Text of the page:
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How do I… Lightning?

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Viewing 15 posts - 1 through 15 (of 21 total)
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  • #1451
    Schnappi
    Participant

    Every time a storm rolls through (rare in Vegas) I wish I could get some lightning shots.
    Unfortunately, I never actually get a shot with lightning in it.

    So far I’ve tried lowering my quality (hurts so bad) so that I can take continuous shots for like 1000 frames in the hopes of a bolt going off in frame.

    I’ve also tried long shutters… but if I get very long at all I end up with garbage anyway due to the stuff in my frame moving (and cloud movement).

    So for those of you who get good lightning shots…. how?

    #19540
    Killerclaw
    Participant

    I sit there with a remote and tripod and snap off 15 second exposures.

    #19541
    linguine
    Participant

    I’ve never done it, but everything Ive seen says take lots of long exposures.

    #19542
    orionid
    Participant

    About 15 years ago, Nuts & Volts magazine had an article showing the schematics and operation of an automatic shutter relase that responded to sharp changes in light levels and produced spectacular results with 1600 ISO film (if memory serves). Some Google-fu may unearth something similar….. the trick would be making it work with a DSLR.

    Possibly with the nikon cordless remote, you could replace the button with a transistor and photocell… It’d be quick, dirty and ugly…. but inexpensive and possibly fun.

    #19543
    Killerclaw
    Participant

    there is a lightning sensor that goes on the flash mount being advertised in Outdoor Photography magazine. I’m looking for my copy, I’ll post a link when I find it.

    #19544
    Killerclaw
    Participant
    #19545
    nugz4lunch
    Participant
    Killerclaw wrote:
    I sit there with a remote and tripod and snap off 15 second exposures.

    Me too.

    #19546
    jpatten
    Participant

    same here .. stop down so I dont blow out the clouds, and click off 15-20sec frames one after another till I get lucky.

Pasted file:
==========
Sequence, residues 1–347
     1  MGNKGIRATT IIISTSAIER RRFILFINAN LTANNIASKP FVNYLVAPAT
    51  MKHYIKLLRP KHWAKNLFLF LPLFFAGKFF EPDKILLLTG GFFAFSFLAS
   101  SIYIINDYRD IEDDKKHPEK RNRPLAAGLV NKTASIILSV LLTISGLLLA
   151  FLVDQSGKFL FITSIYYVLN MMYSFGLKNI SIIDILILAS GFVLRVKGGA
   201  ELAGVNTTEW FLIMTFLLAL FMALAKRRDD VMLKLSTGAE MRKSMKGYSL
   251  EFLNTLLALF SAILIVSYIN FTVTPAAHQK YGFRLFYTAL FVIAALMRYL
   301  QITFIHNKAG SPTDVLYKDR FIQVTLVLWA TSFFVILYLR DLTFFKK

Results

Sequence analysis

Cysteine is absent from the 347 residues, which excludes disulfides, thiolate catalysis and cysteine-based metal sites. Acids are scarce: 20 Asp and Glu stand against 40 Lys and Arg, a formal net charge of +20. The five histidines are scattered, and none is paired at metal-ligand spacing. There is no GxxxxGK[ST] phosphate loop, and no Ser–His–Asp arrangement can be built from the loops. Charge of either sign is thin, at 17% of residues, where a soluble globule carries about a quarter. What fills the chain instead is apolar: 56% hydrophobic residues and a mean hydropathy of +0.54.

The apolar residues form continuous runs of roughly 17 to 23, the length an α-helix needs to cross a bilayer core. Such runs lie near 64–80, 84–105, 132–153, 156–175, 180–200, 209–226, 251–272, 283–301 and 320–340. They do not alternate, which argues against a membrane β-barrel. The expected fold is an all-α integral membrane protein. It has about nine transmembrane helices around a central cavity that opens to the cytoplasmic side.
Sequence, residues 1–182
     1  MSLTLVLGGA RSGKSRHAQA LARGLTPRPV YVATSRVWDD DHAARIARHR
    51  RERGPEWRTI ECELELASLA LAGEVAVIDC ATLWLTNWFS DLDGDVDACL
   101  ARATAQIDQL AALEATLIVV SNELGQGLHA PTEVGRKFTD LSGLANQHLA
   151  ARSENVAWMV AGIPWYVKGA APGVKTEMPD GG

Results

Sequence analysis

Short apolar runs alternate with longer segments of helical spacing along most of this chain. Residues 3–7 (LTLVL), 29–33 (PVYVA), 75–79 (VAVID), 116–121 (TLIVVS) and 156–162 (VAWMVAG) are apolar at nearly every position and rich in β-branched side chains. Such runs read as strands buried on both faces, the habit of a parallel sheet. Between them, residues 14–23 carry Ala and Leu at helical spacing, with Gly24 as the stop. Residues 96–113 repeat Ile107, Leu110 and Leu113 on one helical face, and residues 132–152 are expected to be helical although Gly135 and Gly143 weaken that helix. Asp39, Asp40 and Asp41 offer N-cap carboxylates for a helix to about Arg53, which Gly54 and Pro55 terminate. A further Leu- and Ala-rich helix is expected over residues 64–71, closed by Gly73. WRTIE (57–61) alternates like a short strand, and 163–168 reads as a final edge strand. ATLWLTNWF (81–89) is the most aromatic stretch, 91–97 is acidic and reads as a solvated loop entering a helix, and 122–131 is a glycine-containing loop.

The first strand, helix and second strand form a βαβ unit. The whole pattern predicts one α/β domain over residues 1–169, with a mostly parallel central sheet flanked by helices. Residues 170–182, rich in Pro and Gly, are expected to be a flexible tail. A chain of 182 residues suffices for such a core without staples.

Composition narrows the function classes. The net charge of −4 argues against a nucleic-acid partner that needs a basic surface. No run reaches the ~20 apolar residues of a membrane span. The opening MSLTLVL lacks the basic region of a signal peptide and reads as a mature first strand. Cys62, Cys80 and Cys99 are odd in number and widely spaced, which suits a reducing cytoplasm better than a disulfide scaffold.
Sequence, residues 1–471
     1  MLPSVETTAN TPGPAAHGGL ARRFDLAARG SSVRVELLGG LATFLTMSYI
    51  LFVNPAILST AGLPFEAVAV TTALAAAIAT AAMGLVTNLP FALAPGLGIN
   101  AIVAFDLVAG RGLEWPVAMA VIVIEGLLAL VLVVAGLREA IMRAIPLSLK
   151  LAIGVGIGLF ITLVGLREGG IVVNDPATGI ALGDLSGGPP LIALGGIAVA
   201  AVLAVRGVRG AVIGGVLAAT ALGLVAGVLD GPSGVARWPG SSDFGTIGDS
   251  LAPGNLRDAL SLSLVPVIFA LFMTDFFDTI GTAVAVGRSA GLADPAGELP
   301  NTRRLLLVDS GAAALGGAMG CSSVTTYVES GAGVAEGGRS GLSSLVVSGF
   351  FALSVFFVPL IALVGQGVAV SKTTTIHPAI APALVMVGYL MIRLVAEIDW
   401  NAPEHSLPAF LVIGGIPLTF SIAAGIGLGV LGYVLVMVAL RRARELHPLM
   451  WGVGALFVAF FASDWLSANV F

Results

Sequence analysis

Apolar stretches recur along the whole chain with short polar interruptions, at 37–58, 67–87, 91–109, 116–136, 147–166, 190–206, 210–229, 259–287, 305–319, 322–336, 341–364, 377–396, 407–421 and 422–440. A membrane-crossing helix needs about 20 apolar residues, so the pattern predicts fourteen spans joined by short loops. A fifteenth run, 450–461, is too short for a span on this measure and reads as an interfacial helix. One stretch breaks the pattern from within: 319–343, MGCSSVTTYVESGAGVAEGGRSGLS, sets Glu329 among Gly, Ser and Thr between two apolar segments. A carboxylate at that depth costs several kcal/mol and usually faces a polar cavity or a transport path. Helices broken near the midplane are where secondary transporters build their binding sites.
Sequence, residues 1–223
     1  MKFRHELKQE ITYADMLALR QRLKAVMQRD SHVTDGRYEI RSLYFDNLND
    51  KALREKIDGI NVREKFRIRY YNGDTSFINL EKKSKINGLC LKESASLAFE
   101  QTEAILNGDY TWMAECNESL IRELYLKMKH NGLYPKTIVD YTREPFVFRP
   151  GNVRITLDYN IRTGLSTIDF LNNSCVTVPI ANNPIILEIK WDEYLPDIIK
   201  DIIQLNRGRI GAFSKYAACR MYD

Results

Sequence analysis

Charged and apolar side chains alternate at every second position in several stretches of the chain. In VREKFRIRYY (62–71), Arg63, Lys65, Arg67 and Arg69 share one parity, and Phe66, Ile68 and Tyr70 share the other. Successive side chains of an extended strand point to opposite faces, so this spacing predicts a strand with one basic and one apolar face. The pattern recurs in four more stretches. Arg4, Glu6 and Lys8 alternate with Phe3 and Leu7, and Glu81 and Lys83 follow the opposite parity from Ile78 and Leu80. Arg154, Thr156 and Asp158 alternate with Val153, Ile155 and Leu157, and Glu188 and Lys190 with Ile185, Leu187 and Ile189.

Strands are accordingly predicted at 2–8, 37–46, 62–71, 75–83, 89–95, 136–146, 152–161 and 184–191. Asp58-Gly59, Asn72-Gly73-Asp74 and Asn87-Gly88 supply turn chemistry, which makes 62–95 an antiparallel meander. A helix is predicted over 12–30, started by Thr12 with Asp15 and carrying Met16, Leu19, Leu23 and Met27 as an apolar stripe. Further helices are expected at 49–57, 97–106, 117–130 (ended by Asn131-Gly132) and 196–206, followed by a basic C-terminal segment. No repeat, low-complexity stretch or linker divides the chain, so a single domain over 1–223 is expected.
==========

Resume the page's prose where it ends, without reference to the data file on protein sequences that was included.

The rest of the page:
#19547
    oi_piss_me_off
    Participant

    I had a similar question. Do you have to have a remote release?

    #19548
    swampa
    Participant

    No, you can use the timer function to trigger the camera if you want (or in the worst case you can use the shutter button but you will probably shake the camera in doing so unless it is fixed somewhere really solid). A remote release just makes it easier.

    #19549
    orionid
    Participant

    What he said.

    #19550
    caradoc
    Participant

    During the day, I use a trigger based on an Arduino microcontroller that measures ambient infrared, and pops the shutter when there’s a spike in IR:

    (clickr for Flickr, more links to the trigger “how-to” from there)

    At night, I set for ambient (good exposure of city skyline, whatever) and bang out long exposures until lightning strikes in the frame. A solid tripod and a cable release are required for ths (I simply set the lock on the cable release to force the camera to repeatedly click off exposures until I unlock it.)

    #19551
    oi_piss_me_off
    Participant

    Great! Thanks so much everyone. And caradoc, your photos are amazing!

    #19552
    olavf
    Participant

    Yeah, he’s pretty much why I pointed you over here.

    #19553
    caradoc
    Participant

    Thanks! Anyone in the metro Phoenix area’s welcome to ping me – we can go shoot.

    (I’m kind of without a car for the moment… the Forester has a couple of cracked CV boots, and I really need to get those repaired/replaced before I drive much…)

Viewing 15 posts - 1 through 15 (of 21 total)
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